Part of the problem, writes Kevin Affleck, is New Zealand's sanctioning of the team's military members
Fiji squad needs filling in for Rugby World Cup
A Pacific Island nation defeated the No 2-ranked union team last week, sending a shock through the world of rugby less than eight weeks before the start of the Rugby World Cup.
"It's history to us, beating the No 2 team in the world," Fuimaono Titimaea Tafua, the overjoyed Samoa coach, said after the victory over Australia.
However, the chances of a second Pacific Islander team going one better today and defeating the top-ranked Antipodean nation, when Fiji play New Zealand, are remote.
Already denuded by the absence of the suspended Sisa Koyamaibole and Waisea Luveniyali, and the injured triumvirate of Gabriel Lovobalavu, Kini Murimurivalu and Talemaitoga Tuapati, Fiji will also have to do without Isa Nacewa, Vilimoni Delasau and Rupeni Caucau, who have not been released by their northern hemisphere clubs.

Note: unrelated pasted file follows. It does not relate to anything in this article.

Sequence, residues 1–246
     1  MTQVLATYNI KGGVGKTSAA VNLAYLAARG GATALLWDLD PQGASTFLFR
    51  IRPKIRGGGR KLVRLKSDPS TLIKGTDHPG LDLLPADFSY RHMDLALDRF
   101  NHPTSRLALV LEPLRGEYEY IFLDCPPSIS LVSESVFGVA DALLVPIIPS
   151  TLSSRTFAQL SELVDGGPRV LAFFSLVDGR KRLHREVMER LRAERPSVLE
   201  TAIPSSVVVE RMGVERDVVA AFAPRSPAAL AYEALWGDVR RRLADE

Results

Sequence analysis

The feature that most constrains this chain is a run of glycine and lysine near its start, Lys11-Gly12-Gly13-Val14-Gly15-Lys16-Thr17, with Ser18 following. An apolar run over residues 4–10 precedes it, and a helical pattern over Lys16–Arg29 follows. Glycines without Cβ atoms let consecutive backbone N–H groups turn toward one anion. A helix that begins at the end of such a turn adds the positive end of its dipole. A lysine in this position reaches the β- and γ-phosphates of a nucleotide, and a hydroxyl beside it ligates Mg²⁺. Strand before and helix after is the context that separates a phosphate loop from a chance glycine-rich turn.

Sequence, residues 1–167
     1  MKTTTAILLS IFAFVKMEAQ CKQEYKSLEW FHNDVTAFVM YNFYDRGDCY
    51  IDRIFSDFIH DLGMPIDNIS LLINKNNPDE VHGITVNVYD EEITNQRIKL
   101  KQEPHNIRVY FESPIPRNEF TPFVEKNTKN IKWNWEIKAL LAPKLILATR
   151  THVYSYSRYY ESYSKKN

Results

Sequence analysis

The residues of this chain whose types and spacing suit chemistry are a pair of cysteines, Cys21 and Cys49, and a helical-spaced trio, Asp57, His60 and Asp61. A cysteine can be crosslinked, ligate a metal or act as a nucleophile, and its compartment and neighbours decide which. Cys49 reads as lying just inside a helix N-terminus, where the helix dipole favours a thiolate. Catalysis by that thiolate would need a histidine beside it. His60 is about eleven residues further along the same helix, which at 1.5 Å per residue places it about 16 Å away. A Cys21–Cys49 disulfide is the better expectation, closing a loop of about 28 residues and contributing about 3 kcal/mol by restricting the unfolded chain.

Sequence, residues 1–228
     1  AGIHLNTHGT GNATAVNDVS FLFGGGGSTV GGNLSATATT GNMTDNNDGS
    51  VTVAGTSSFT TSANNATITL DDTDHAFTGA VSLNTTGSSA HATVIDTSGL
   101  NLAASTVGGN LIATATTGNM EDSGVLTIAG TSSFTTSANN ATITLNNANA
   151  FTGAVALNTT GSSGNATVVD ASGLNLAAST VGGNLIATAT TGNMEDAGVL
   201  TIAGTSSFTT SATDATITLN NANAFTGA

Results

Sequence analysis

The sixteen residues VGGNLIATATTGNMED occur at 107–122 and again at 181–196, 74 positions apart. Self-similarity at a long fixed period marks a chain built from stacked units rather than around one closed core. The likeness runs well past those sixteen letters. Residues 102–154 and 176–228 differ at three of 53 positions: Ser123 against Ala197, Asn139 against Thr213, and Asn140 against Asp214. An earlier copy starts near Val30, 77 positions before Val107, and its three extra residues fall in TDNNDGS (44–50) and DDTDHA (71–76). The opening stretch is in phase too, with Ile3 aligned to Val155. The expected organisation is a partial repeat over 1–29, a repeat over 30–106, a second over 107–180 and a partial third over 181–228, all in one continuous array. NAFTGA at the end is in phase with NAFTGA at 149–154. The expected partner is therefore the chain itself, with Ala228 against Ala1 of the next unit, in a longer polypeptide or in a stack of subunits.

Leone Nakarawa is also absent.
Why is the lock missing, you ask? Because he is a soldier in the Fiji army and New Zealand have imposed a travel ban on members of the Fiji military since a military-led coup in 2006.
New Zealand have warned they will not lift the sanctions without Fiji's interim leader, Voreqe Bainimarama, making a commitment to hold elections before 2014.
The move could attract accusations of double standards - Joe Rokocoko, the New Zealand wing, is married to the daughter of a major in the Fiji military. Even more galling for Fiji: Rokocoko and Sitiveni Sivivatu, his fellow wing, were born in Fiji and could have been lining up in white tonight rather than All Black. To his credit, Samu Domoni, the Fiji coach, is managing to remain optimistic.
"There are a few things that have been involved in selections … but we can control what we have at the moment," he said. "The guys that are here have the heart to play for Fiji and that's what matters. It's a matter of heart."
Although the already uphill task of facing the All Blacks in their citadel of Carisbrook in Dunedin now appears mountainous, one crumb of comfort for the visitors could be the possible teething problems the home side will experience in testing a new game plan. "We've looked at the game, looked at the trends, and we'll play differently than we did last year," said Graham Henry, the New Zealand coach.